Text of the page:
Acura's strict option packaging means there are only four ways to equip an RDX: front or all-wheel drive, with or without the Technology Package. All RDXs get the 3.5-liter V6 found in numerous Honda and Acura models, here with 273 horsepower and a six-speed automatic.
While some rivals offer eight or nine-speed automatics, the Acura's six-speed unit still gives it competitive fuel economy numbers; 20/28 mpg for front-wheel drive models and 19/27 mpg on all-wheel drive cars, which cost an extra $1,400.
For less than $36,000 buyers get leather upholstery on an RDX's two rows of seats, heated and powered front seats, keyless access and push-button start, a power moonroof, a 360-watt audio system with USB input and Pandora connectivity, active noise cancellation and a backup camera.
People who are wowed by in-car technology will be lured by the Technology Package. The RDX's lone group of options adds navigation with real-time traffic and weather and a 60-gigabyte hard drive storage system, a GPS-linked dual-zone automatic climate control system, HID headlamps with front fog lights, a power tailgate and an Acura/ELS surround sound system. Even an all-wheel drive RDX with Technology Package comes in under $41,000.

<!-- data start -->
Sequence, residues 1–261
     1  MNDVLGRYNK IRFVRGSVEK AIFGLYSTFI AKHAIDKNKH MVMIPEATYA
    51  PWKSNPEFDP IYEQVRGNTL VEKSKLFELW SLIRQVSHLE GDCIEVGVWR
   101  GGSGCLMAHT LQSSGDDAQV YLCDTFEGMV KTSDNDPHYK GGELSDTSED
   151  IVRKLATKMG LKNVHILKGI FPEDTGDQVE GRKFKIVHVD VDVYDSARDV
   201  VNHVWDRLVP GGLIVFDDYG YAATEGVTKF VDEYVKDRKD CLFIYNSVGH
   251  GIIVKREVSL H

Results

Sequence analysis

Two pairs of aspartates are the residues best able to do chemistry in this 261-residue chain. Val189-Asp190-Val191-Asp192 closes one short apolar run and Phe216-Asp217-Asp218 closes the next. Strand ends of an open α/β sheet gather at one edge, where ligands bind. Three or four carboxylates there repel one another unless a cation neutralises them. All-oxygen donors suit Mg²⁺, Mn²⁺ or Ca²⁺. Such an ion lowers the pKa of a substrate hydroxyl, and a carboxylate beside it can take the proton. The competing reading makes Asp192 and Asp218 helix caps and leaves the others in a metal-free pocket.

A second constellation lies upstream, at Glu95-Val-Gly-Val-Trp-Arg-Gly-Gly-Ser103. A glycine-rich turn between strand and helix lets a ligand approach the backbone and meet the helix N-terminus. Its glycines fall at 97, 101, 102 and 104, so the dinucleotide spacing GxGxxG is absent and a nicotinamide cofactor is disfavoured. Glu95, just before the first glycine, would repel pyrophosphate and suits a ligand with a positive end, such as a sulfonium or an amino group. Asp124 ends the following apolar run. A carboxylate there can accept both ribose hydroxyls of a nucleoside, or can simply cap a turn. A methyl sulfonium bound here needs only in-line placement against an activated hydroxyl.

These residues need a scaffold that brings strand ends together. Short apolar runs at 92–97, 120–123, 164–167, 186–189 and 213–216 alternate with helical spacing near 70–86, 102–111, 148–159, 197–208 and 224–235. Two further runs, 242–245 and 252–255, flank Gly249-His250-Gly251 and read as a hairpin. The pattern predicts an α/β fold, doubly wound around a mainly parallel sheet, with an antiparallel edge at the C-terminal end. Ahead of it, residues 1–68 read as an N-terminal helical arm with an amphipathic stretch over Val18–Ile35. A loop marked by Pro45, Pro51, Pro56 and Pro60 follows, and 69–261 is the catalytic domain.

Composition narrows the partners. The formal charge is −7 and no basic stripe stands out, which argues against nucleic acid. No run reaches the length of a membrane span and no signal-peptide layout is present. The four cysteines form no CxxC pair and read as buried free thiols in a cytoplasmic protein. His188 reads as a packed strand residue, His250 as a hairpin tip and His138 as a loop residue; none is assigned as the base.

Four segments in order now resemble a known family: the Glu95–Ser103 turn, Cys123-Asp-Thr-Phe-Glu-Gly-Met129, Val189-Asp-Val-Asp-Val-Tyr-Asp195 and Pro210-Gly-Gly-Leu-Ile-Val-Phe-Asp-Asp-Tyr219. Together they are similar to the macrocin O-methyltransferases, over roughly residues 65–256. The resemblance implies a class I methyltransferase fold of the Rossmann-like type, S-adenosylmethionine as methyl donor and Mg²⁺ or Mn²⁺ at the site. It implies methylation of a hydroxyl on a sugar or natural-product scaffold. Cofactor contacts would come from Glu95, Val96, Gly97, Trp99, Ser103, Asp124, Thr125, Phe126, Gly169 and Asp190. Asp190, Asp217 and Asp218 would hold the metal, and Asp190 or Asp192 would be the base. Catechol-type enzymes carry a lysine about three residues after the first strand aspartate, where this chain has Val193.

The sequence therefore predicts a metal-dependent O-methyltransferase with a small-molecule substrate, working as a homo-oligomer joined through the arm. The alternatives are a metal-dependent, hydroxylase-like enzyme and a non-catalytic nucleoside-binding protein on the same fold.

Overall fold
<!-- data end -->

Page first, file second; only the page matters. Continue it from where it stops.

If you can live without in-dash navigation and the upgraded audio system, it's worth skipping the Technology Package and saving $2,400. Acura's in-car tech isn't quite as breathtaking as systems offered by Audi and BMW. And it's unfortunate Acura insists on using this one option package to bundle useful features like a power tailgate and fog lights. But doing without those convenience features nets one great bargain among premium compact crossovers.
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